Abd alhamed Abd alhamed

Production of Functional Kariesh Cheese by Microencapsulation of
Bifidobacterium adolescentis ATCC 15704
A.M. Abd-Elhamid
Department of Food and Dairy Science andTechnology, Faculty of
Agriculture, Damanhour University, Damanhour, 22516, Egypt
Bifidobacterium adolescentis ATCC 15704 was microencapsulated with rennet
gelation of milk proteins. Encapsulated and free Bifidobacterium adolescentis
ATCC 15704 under simulated gastrointestinal conditions and bile tolerance were
estimated. The survivability of encapsulated Bifidobacterium adolescentis
ATCC 15704 and the changes of organic acids in Kariesh cheese during 2 weeks
of cold storage were determined. The study demonstrated that microencapsulation
using rennet gelation of milk proteins increased
the survival of Bifidobacterium adolescentis ATCC 15704 in simulated gastric
conditions. Furthermore, the
results showed that, the survival of encapsulated Bifidobacterium adolescentis
ATCC 15704 in bile solution
was significantly enhanced (p<0.05) compared to the free Bifidobacterium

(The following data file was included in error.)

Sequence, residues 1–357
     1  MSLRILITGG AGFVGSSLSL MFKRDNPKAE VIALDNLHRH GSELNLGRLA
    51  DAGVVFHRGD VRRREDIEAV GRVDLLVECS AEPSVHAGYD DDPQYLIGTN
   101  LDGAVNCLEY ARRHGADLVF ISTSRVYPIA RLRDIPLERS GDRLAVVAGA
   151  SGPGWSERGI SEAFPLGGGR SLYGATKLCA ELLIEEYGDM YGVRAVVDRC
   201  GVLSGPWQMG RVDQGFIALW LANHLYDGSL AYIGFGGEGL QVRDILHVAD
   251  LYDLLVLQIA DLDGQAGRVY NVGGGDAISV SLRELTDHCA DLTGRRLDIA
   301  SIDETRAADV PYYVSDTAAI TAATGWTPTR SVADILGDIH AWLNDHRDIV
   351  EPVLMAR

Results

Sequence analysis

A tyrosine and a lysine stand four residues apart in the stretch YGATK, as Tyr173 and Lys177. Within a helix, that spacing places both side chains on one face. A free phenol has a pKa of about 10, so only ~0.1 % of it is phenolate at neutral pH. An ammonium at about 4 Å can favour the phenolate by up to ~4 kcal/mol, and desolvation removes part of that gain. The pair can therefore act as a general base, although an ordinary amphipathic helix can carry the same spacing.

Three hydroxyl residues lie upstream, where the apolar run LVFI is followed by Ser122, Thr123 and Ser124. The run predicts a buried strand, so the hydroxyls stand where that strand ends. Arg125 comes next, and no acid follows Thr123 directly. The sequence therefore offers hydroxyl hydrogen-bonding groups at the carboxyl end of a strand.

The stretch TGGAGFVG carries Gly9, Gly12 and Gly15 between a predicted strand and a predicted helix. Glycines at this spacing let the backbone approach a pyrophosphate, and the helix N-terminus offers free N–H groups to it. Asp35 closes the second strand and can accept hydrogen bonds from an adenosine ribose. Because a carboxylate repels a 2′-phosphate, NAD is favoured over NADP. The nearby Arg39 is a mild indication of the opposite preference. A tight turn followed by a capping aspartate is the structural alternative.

adolescentis ATCC 15704.
Microencapsulation protected Bifidobacterium adolescentis ATCC 15704 in
Kariesh cheese during cold storage
as compared to free Bifidobacterium adolescentis ATCC 15704. In addition, the
capsules made from rennet
gelation of milk proteins had a positive effect in organic acids during cold storage.
Key words: Bifidobacterium, bile tolerance, microencapsulation, organic acids,
Kariesh cheese
Publish in :
Advance Journal of Food Science and Technology 4(2): 112-117, 2012
ISSN: 2042-4876
© Maxwell Scientific Organization, 2012
Submitted: March 14, 2012 Accepted: March 26, 2012 Published: April 20, 2012
Abd-El-Salam, M.H., S. El-Shibiny and H.A. El-Alamy,
1984. Production of skim milk (Kareish cheese) from
ultrafiltered reconstituted milk. Egyptian J. Dairy
Sci., 12(1): 111-115.
Abou-Donia, S.A., 2008. Origin, history and
manufacturing process of Egyptian dairy products:
An overview. Alexandria J. Food Sci. Technol., 5(1):
Akalin, A.S., S. Gonc and Y. Akbas, 2002. Variation in